nitaguru

Bird breeder's thoughts on whatever…

06-25-17: Foot Toys — June 25, 2017

06-25-17: Foot Toys

Foot toys can be a very important part of a pet bird’s life.  If you are unfamiliar with what a foot toy is, it can be any small toy that can typically be grasped in a bird’s foot.  It might be as simple as one wooden block or ball with a piece of rawhide through the middle and knotted on either side.

The foot toy should be sized appropriately for the bird.  I use smaller beads for smaller birds, as well as thinner material going through the middle.  Thin rawhide, twine, paper rope,  and “Paulie” cord are all suitable materials for the smaller birds.   For the larger bird, you can use a larger block or bead as well as the thicker rawhide or Paulie cord.  I often add some smaller plastic beads on either side of the main bead as well.

Some birds really enjoy chewing on wood, and there is nothing more satisfying to those birds than a block of wood that can be reduced to splinters.  For that reason, some birds should be given pine or other soft wood that they can destroy.  Some birds are more drawn to chewing on the cord that goes through the middle.  Rawhide (only vegetable-tanned, please) is usually perfect for those birds as they can get a lot of chewing enjoyment out of it.  A plastic bead or other shape with rawhide passing through and knotted on either side will be a long-lasting foot toy for those birds.  Although all birds may have their preferences, probably a variety of different foot toys is best.  It’s important to avoid boredom in your pet bird.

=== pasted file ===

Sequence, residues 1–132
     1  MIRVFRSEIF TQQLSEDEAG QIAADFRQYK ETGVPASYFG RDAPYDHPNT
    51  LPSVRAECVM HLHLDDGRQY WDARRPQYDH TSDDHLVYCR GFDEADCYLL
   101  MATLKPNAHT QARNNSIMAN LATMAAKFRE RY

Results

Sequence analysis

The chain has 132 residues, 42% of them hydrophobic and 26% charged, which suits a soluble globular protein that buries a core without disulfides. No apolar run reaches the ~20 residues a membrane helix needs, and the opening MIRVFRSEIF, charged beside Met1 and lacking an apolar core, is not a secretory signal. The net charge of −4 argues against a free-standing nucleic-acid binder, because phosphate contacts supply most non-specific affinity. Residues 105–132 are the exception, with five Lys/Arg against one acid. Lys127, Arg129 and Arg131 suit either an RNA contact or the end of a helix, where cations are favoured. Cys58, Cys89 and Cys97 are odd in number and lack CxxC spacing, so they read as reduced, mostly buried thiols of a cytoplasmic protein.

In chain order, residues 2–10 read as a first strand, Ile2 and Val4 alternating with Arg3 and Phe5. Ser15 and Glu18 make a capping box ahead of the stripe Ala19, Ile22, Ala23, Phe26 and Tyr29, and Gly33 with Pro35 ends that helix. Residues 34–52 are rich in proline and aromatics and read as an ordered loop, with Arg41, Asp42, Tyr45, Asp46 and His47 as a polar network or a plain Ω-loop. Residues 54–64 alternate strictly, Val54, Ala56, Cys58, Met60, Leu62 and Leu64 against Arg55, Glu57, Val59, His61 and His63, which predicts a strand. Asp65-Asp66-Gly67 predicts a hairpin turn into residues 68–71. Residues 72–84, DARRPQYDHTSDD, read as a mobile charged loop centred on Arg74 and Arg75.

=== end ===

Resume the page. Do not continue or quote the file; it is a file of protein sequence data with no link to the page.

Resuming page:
In addition to having foot toys for the bird’s enjoyment when playing alone, they are invaluable as diversions for a bird that is apt to bite.  Many young birds will go through a period where they get a bit “bitey” and seem to be testing the limits.  I always tell people that it’s much better to use diversion as a way to avoid a bite than to try to correct it after the fact.  You don’t want to spend all your time earthquaking your bird, or doing whatever method you use to deal with bites.  It’s not fun for you OR your bird.  Instead, keep an appropriate foot toy at the ready – next to you or in your pocket – at all times that your bird may be interacting with you.

Often we can see a bird begin to get antsy and that often will precede a bite.  Time to bring out that foot toy and bring it up to your bird for him to check out.  I should also mention here that if you are going to give it to the bird, rather than holding on to one end of it, you’d better have two or more toys at the ready because chances are that first one may get tossed or dropped.  However, if you see the bird is grabbing the foot toy and tossing it immediately and ready to grab another, it’s probably not a good time to be interacting with the bird anyway.  You’ve got to learn to read their moods.  It’s a rare bird that is always in a good mood and never cranky.